Last November, Stockton’s high-profile mayor, Democrat Michael Tubbs, lost his re-election campaign to his Republican challenger, Kevin Lincoln.
The upset came as a surprise to some, while others say the vote went as expected — especially those who closely follow the online publication 209 Times.
NPR’s Invisibilia podcast dug deep into what happened leading up to that election with a three-part series called The Chaos Machine. It considers how stories published by 209 Times and its founder, Motecuzoma Sanchez, might have swayed voters and the possible motivations behind those posts.
Invisibilia host Yowei Shaw spoke with CapRadio’s Randol White about her reporting for the series.
This interview has been edited for clarity and length.
At what point did you realize that this narrative wasn't going to fit into just one episode?
I think it was when I started talking to other people besides Michael Tubbs, who'd been targeted by 209 Times. And then especially when I spoke to Motecuzoma Sanchez, the founder of 209 Times, and heard just this totally unexpected origin story. And then just like tracking down all of those conspiracy theories and then, you know, doing the reporting to find the evidence to test what they're saying. That's when I knew it was like, we're not going to fit this. There's no way we're going to fit this into one episode.
Who does run the 209 Times?
The founder of 209 Times is this local longtime community activist, Motecuzoma Sanchez. And he runs the site with a crew of volunteers. They say they're all volunteers and they essentially see themselves as activists who are trying to serve their community with news that they think their community needs, that they think the local paper, the Stockton Record and other news outlets are just not providing. And I think that this was really, really hard for a lot of people to understand.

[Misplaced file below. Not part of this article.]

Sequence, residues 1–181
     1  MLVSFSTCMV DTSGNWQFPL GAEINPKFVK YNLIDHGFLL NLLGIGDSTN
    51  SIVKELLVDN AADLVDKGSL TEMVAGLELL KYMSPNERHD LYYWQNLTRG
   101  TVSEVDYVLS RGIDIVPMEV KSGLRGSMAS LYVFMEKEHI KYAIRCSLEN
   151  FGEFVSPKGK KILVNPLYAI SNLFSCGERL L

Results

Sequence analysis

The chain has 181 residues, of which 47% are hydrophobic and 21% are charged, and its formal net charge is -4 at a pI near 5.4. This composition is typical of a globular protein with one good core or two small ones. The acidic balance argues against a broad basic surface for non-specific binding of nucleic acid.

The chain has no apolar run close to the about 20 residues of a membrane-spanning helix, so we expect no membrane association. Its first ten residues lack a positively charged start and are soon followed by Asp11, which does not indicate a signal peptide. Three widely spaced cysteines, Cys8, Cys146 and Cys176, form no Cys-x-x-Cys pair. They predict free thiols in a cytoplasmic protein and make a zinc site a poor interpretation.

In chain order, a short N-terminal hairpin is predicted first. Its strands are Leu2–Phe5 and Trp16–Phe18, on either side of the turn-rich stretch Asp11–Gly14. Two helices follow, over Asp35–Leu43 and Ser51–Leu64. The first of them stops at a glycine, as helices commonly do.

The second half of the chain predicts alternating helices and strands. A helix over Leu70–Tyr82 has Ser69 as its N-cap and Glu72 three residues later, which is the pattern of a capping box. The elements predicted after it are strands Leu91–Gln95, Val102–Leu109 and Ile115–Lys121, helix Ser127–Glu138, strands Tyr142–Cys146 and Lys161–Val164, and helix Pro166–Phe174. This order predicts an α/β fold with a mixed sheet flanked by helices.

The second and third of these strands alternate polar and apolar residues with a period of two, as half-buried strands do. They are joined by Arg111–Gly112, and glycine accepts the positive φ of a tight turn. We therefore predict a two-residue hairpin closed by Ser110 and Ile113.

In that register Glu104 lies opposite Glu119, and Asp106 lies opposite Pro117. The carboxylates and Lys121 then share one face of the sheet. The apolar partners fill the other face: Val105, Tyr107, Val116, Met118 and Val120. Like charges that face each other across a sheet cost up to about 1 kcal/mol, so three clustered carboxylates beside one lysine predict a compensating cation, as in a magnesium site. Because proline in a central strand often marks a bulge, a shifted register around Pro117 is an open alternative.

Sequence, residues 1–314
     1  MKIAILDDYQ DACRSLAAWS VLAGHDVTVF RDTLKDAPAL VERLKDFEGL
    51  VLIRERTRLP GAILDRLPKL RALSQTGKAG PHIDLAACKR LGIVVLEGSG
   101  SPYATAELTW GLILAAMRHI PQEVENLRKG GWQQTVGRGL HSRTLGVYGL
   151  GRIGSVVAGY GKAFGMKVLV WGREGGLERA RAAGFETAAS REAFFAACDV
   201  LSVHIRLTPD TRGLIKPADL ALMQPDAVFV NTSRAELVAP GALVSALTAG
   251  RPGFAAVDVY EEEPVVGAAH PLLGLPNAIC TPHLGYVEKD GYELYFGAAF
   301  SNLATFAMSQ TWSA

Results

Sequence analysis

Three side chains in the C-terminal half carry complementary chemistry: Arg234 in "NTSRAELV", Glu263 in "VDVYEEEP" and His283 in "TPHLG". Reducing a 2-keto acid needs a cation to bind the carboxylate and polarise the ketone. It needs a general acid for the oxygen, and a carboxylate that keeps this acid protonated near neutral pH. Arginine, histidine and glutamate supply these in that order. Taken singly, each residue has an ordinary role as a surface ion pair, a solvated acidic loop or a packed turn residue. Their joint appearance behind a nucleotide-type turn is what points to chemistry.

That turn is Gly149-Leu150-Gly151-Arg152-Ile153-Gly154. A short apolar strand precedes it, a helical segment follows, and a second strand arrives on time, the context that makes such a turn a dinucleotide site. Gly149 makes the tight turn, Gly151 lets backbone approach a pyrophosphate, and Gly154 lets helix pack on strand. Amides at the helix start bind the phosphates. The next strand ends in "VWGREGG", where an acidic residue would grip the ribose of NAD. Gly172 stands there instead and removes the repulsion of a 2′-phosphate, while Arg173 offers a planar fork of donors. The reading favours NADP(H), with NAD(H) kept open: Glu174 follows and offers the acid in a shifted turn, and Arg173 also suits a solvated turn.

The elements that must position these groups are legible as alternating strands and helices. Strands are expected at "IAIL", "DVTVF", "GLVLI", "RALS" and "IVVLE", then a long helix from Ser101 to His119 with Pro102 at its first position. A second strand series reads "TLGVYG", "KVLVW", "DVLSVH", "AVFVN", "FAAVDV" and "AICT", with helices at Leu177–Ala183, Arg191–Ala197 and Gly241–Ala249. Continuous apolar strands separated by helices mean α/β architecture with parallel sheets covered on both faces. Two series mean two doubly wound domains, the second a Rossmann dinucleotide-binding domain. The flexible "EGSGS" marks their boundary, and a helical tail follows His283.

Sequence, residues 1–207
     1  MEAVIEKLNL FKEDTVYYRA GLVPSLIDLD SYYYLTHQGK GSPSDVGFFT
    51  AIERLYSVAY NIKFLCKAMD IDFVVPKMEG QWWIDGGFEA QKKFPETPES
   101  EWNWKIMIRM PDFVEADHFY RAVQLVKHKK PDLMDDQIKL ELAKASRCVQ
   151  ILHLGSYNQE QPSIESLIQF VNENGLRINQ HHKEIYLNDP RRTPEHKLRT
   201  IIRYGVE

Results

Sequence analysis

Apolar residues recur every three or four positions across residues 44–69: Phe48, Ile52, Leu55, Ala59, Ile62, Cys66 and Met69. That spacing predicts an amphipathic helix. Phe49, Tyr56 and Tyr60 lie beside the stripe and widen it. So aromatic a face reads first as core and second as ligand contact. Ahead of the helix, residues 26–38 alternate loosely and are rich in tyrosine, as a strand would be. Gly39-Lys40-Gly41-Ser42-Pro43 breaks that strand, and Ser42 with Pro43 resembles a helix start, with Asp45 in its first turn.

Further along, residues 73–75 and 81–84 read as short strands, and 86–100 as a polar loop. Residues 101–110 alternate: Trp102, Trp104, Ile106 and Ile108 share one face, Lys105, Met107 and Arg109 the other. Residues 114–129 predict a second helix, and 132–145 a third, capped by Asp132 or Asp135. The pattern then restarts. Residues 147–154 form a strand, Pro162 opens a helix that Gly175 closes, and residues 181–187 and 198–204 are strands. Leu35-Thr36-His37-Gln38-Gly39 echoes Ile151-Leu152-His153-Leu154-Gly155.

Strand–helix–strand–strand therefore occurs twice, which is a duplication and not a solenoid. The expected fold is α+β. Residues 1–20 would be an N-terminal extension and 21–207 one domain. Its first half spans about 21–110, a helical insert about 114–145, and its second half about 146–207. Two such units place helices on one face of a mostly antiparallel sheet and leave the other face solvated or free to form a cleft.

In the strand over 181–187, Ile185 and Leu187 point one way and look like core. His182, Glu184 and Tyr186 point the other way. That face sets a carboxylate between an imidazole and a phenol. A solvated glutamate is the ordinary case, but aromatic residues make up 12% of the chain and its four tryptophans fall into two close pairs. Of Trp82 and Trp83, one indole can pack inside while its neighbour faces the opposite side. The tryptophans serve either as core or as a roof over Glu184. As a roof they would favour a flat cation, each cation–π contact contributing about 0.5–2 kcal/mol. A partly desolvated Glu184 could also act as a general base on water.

I was intrigued by the conversation that you had when you asked whether they'd ever been wrong, and the answer was no. And that's a big red flag to me and you.
Yeah. I mean, like, how would you answer that question? Have you ever been wrong?
Yes, I have been wrong. And as you know, it's a terrible feeling. In fact, I've never met a journalist who hasn't been wrong at some point. And I do need to point out that CapRadio, of course, runs corrections when these things happen. Fortunately, they’re few and far between. But to your point, I think recognizing this happens should be at the core of being a good journalist or a good journalism outlet.
I really think that any journalist worth their salt would have a very similar answer to the one you just gave, because obviously journalists are humans. Right. And humans make mistakes sometimes. And we try our very best as journalists to get the facts right. We obsess over it. You know, we really try to make the right ethical calls, but sometimes we mess up. And I think it's really important to the trust process with our audiences for us journalists and media organizations to own up to when we are wrong. And I don't think that happens enough, frankly.
How do you see this playing out for the current mayor and former Mayor Tubbs?
Well, Motec Sanchez, the founder, told me that if they don't like something that Mayor Lincoln does or if they discover some kind of wrongdoing or whatever, that they will also hold his feet to the fire. As for former Mayor Tubbs, just because he's no longer mayor in Stockton, I've seen 209 Times continue to write about him. And I have a feeling 209 Times, you know, might not be stopping anytime soon, which means that at least locally, you know, he's going to have to contend with critical coverage from 209 Times, probably as long as it's around.
CapRadio provides a trusted source of news because of you. As a nonprofit organization, donations from people like you sustain the journalism that allows us to discover stories that are important to our audience. If you believe in what we do and support our mission, please donate today.